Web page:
38. A readout arrangement set forth in claim 37, further comprising switch means which is disposed with the base for selectively applying a bias to a gate forming part of the FET, the switch being configured to be one of open and closed when the probe contacts the data indicative topographical feature and to be the other of open and closed when the probe contacts a portion of the medium between regions containing the data indicative topographical features.
39. A readout arrangement set forth in claim 38, wherein the bias applied to the gate of the FET is selected to render the FET non-conductive.
40. A readout arrangement as set forth in claim 29, wherein the readout arrangement comprises a readout out arrangement for a contact probe mass storage device.
Description
BACKGROUND OF THE INVENTION

It has been hitherto been proposed to sense data which is written onto a movable medium using a probe that is supported on a cantilever and used to contact the movable medium. A heated element (heater) is provided in/on the cantilever proximate the probe. The heater is heated by passing a current of electricity therethrough. By using heat transfer characteristics between the movable medium and the probe (or a portion of the cantilever in which the heating element is formed), it is possible to determine minute changes in distance between the movable medium and the cantilever on which the probe is carried, and to use this as a means for reading out the data stored on the movable medium.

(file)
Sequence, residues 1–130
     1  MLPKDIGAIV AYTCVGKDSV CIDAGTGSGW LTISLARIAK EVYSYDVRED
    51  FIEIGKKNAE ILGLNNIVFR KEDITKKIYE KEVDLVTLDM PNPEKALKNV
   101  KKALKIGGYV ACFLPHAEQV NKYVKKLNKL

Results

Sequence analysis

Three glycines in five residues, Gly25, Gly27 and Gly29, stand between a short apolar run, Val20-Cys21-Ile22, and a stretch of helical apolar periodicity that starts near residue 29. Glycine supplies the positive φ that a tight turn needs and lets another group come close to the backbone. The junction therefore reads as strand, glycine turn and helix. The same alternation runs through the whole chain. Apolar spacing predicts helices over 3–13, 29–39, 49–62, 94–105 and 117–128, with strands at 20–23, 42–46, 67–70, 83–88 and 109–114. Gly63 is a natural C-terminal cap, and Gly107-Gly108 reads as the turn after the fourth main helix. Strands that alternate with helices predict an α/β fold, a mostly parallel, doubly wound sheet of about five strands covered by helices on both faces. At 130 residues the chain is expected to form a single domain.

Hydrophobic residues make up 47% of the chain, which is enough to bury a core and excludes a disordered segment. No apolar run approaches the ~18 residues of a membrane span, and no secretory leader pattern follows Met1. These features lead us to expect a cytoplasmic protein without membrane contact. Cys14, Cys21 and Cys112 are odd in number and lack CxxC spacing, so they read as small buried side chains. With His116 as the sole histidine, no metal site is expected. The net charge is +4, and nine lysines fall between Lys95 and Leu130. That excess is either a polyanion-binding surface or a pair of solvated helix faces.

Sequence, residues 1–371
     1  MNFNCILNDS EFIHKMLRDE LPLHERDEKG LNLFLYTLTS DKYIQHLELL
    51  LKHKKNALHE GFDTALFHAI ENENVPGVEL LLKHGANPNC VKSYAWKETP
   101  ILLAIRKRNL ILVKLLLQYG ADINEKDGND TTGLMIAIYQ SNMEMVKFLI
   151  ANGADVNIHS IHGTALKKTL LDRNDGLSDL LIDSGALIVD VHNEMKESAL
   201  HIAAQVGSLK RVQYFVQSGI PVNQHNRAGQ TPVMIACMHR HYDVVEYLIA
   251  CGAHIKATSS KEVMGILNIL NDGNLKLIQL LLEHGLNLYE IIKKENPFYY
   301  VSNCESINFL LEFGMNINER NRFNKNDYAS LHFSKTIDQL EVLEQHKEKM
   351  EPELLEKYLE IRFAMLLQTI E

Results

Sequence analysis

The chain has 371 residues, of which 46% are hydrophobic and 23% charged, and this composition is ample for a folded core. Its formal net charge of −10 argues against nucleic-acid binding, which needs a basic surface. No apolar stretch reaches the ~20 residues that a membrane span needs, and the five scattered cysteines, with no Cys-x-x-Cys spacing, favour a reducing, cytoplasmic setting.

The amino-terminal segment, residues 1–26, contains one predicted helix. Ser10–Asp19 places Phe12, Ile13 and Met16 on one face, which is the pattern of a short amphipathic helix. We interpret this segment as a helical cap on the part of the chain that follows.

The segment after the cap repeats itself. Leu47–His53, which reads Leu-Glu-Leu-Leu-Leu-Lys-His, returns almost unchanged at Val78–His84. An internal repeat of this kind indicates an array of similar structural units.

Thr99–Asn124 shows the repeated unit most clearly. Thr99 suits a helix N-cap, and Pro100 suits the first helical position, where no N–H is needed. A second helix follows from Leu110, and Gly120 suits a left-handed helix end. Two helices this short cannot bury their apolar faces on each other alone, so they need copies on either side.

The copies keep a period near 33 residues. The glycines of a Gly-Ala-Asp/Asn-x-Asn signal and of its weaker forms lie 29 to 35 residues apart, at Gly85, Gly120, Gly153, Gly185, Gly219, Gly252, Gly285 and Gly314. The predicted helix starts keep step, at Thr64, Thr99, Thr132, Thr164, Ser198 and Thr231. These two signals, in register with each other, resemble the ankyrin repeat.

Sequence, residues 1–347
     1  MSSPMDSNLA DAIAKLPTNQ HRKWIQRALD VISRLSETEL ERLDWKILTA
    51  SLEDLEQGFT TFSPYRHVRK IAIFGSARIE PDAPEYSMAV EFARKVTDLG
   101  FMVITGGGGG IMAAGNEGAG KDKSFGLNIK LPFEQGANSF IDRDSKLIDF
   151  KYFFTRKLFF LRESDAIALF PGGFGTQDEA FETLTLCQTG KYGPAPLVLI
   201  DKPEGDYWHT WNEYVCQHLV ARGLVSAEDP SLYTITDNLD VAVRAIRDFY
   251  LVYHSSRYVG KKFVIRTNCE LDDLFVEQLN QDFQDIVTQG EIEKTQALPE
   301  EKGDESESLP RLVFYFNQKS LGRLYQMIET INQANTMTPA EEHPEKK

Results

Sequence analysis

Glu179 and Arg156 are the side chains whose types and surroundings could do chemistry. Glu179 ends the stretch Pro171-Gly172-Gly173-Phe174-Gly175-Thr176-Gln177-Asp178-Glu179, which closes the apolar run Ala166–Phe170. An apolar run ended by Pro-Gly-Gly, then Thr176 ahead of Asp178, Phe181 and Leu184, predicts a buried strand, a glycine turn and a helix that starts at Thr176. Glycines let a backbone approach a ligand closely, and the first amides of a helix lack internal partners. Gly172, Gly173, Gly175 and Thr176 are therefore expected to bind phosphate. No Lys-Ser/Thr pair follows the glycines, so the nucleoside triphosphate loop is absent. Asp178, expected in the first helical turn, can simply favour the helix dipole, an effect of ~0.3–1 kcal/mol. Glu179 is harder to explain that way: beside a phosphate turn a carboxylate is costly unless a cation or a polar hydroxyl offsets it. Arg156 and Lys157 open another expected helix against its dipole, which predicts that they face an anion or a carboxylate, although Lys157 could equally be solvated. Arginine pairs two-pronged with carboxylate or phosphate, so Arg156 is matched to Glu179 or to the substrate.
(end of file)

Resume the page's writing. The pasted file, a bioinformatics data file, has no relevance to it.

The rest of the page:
The heater in the cantilever can be used for either/both reading and writing. The reading function uses a thermal readback sensor arrangement which exploits a temperature-dependent resistance function. In this arrangement, the resistance (R) may increase with heating power/temperature from (for example) room temperature to a value of 500-700° C. (writing). The peak temperature may be determined by the doping concentration in the heater platform, which may range from 1×1017 to 2×1018. Above the peak temperature, the resistance may drop as the number of intrinsic carriers increases because of thermal excitation.

During sensing, the resistor may operate up to about 300-350° C. This temperature may be selected to not soften the polymer medium but allow thermal conduction through the gas between the cantilever on which the probe is carried, and the moving medium, to remove heat and thus provide a parameter which allows the distance between the cantilever on which the probe is carried and the medium on which the probe is running to be measured.